For further comparisons, three Cox proportional hazards models were constructed based on each corresponding signature: clinical (ModelC), radiomic (ModelR), or integrative (ModelCR).
For model comparisons, we measured the concordance index (C-index) of the three models in the training and validation cohorts with 1000 bootstrap replications for each model. These aimed to evaluate the variance of the C-index and obtain a 95% confidence interval. A C-index value of 0.5 implies no discriminatory ability, while a value of 1.0 indicates perfect discrimination .
Age and the number of lesions were treated as continuous variables, whereas sex, vascular risk factors, and study endpoint were treated as binary variables. The Mann–Whitney U test was used to evaluate differences in patients’ ages (non-normal distribution), while the χ2 test was used to assess the distribution of the other characteristics. Significant clinical factors were selected using univariate and multivariate regression analyses involving Cox models. All processing such as feature extraction and model construction were implemented in our training cohort, and the validation cohort was totally independent from the training procedure.
The probabilities of stroke-free survival were compared using the Kaplan–Meier method. We used a log-rank test to evaluate the differences in Kaplan–Meier curves for the two groups in each model . Stratified analyses were performed to explore the potential association of the selected signature with stroke-free survival within each subgroup of patients with significant clinical factors. Furthermore, a nomogram was built based on the best model, and discrimination and calibration of the nomogram for 6-, 12-, and 18-month values were measured using the concordance index and calibration curves to compare the expected and observed survival probabilities, respectively .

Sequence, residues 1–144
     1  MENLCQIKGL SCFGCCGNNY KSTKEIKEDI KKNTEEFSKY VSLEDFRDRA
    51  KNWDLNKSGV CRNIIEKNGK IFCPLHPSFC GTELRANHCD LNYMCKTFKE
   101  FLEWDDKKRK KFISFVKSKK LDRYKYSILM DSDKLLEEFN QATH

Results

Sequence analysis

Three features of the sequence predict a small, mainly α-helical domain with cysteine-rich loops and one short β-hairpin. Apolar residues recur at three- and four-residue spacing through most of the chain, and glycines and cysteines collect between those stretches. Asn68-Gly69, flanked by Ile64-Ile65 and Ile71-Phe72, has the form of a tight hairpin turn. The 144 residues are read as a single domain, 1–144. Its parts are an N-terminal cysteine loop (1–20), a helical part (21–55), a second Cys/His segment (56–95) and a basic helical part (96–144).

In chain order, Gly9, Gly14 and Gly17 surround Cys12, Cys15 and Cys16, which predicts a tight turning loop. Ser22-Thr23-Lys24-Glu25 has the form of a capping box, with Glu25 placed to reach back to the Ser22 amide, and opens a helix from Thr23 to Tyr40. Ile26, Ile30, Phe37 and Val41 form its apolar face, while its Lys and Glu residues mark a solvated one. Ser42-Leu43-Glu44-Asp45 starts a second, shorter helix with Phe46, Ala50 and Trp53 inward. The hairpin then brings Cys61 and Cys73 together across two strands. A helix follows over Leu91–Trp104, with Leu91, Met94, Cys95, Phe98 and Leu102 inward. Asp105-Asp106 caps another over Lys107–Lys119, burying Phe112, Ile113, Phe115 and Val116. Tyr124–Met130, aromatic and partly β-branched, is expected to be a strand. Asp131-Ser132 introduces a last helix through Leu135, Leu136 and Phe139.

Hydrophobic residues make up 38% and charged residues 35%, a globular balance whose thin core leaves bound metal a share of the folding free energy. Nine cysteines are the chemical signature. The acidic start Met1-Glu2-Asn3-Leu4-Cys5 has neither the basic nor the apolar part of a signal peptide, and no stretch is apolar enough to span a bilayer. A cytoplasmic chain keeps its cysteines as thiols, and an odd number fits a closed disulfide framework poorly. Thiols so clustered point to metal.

All statistical tests performed were two-sided, and p < 0.05 was considered statistically significant. The statistical analysis was performed using Python version 3.6.4.
A total of 148 patients were retrospectively included in this analysis: stroke and stroke-free patients at a 1:1 ratio. Among all patients, the median (range) follow-up duration was 615 (366–822) days; no difference was found between the training and validation cohorts, which had medians of 620 and 603 days and ranges of 365–855 and 371–855 days, respectively (p = 0.36, Mann–Whitney U test). No distribution differences arose between the clinical characteristics or follow-up data of the two cohorts (Table 1).
Of the 1209 features extracted from CT images, 844 were confirmed to be robust by the interclass consistency test (ICC, 0.75–0.99). Of these, 13 features were selected using the LASSO algorithm. The process of feature selection is shown in Fig. 1. After forward selection, four features (wavelet-LLH_glszm_SizeZoneNonUniformity, squareroot_firstorder_Maximum, wavelet-LHL_firstorder_Skewness, and logarithm_glcm_Idn) were finally selected to construct the radiomic signature. Details and implications of these four features are provided in Additional file 5.
Signature building and model construction